(Heb. kaparah) Atonement or reconciliation between God and humanity is achieved by the process of repentance (teshuvah), seeking forgiveness and making amends with our fellow human beings. (See also Yom Kippur)
(Yid.) The ceremony in which a couple is called up to the Torah on the Shabbat before their wedding.
Concentration and extermination camp in upper Silesia, Poland, 37 miles west of Krakow. Established in 1940 originally as a concentration camp, it became an extermination camp in early 1942. Later, it consisted of three sections: Auschwitz I, the main camp; Auschwitz II (Birkenau), an extermination camp; Auschwitz III (Monowitz), the I.G. Farben labor camp, also known as Buna. In addition, Auschwitz had numerous sub-camps.
Believing in or characterized by unquestioning obedience to authority, as that of a dictator, rather than individual freedom of judgment and action.
An essay by Dr. Judah Leib (Leon) Pinsker, Autoemancipation was published in the aftermath of the pogroms that swept Russia in 1881-82. Published in 1882, it dealt with the causes of anti-Semitism and offered a possible solution for the Jews. Pinsker argued that the Jews were foreigners everywhere, and that even if they managed to assimilate, anti-Semitism would remain an incurable illness, fueled by the peculiar condition of the Jewish people, which has no language, no country and no government. The emancipation given to Jews by Gentiles was, to Pinsker, a coup de grâce. The Jews, Pinsker argued, must regain their national dignity and security and establish for themselves a land of refuge. Even more urgently needed, he argued, was a national awakening and self-liberation ("autoemancipation"), the components of the process of national renaissance. Pinsker's work became one of the basic writings on Zionism.
Autonomous Areas
Those areas of the occupied territories that were transferred to the control of Palestinian authorities following the Declaration of Principles. This includes areas of Gaza Strip and West Bank and as of 1995, Jenin, Nablus, Tulkarm, Qalqilya, Ramalla, and Bethlehem.
Autonomy Plan
Menachem Begin presented this plan in December 1977 which to offered limited self-administration for the Palestinian residents in the Occupied Territories. It was approved by Egypt and the Knesset later on in 1977 and talks between Egypt and Israel were initiated in 1979. By 1980, Israel presented a model for the Self-Governing Authority for the Occupied Territories, which outlined full personal autonomy, and shared and residual powers which would be administered.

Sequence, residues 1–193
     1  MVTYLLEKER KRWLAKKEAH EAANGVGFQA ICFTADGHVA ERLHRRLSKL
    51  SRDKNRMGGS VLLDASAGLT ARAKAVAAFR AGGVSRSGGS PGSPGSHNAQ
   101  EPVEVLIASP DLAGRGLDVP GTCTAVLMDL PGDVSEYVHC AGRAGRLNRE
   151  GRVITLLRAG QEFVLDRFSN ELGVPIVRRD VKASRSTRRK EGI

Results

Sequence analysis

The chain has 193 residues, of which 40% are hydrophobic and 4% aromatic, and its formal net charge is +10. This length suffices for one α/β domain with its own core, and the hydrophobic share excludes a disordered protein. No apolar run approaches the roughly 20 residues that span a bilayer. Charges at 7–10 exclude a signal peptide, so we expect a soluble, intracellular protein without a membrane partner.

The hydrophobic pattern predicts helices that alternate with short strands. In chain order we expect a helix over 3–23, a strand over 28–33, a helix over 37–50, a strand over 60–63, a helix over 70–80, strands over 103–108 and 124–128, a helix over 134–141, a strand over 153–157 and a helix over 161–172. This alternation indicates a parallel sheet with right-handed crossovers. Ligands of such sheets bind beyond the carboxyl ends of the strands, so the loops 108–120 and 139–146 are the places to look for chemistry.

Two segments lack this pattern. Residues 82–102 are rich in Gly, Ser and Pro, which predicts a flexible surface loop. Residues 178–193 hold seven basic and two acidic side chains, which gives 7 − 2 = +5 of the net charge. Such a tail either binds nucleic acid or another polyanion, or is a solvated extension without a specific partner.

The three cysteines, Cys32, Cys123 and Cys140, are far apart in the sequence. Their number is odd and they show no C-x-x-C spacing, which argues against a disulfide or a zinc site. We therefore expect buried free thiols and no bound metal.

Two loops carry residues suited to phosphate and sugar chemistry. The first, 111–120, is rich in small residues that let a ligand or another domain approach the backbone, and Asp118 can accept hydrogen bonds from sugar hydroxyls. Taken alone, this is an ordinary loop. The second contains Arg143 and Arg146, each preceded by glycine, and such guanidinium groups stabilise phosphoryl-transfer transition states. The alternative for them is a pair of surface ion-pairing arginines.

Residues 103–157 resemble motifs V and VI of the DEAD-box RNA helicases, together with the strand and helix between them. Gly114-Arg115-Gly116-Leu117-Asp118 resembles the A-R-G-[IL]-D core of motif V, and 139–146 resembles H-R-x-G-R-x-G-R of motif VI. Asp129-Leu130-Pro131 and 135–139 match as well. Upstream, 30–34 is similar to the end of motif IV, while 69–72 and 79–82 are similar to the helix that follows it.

(Heb.) The eleventh month of the Hebrew calendar (which begins with the month of Tishrei); and fifth according to the Jewish calendar (which starts in the month of Nissan). (See also "Tisha B'av").
(Heb. mourning) The year of mourning after the burial of a parent. (See also Shiva)
Avenue of the Righteous Among the Nations
A tree-lined path (and forest) at Yad VaShem (the national Israeli Holocaust memorial located in Jerusalem) which memorializes those gentiles who risked their lives to save Jews during the Holocaust.
Averah (aveira)
(Heb.) Sin, transgression of God's will.
Avinu Malkenuh
A prayer recited on fast Days and Rosh HaShannah penned by Rabbi Akiva.
Avoda Ivrit
(Heb. Hebrew labor) Slogan adopted during the early pioneering days in the Land of Israel used to encourage businesses to only hire Jewish labor..
(Heb.) Worship, service.
Avodah Zarah
Hebrew for idol worship or worship of anything other than God.
(Heb. fathers) Refers to the Jewish Patriarchs, Abraham, Yitzhak, and Yaakov.
Avot d’Rabbi Natan
A commentary on the Mishnah tractate Avot, composed c. 500 C.E.
Enemies of the Allied forces in WWII. The Axis forces originally included Nazi Germany, Italy, and Japan who signed a pact in Berlin on September 27, 1940. They were later joined by Bulgaria, Croatia, Hungary, and Slovakia.
Ayalon-Nusseibeh Proposal
Plan proposed by Israeli Ami Ayalon (former head of the Shabak- the Israeli internal security agency), and Palestinian Sari Nusseibeh (President of Al Quds University) in 2003 during the Second Intifada. The proposal called for: two states based on the pre-1967 borders, all border modifications to be based on equal territorial concessions, the West Bank and Gaza to be demilitarized and connected, all Jews to be removed from the territory that would become the future Palestinian state, Jerusalem to be an open city and the joint capital with neither side in charge of holy sites, Palestinian refugees to be allowed to return only to the Palestinian state, an international fund to be set up to provide for Palestinian refugees, and a cessation of all violence.
Az Nidberu
Paper of the Vishnitz haredim.
A rocky cliff from which a goat was pushed to its death on Yom Kippur.
Azzam Affair
A 1996 scandal in which Israeli-Druze Azzam Azzam was arrested in Cairo on charges of spying for Israel and sentenced to 15 years in prison. In 2004 Azzam was released as part of an agreement between Israel and Egypt in which Israel agreed to release 6 Egyptian students charged with plotting to kill Israeli soldiers.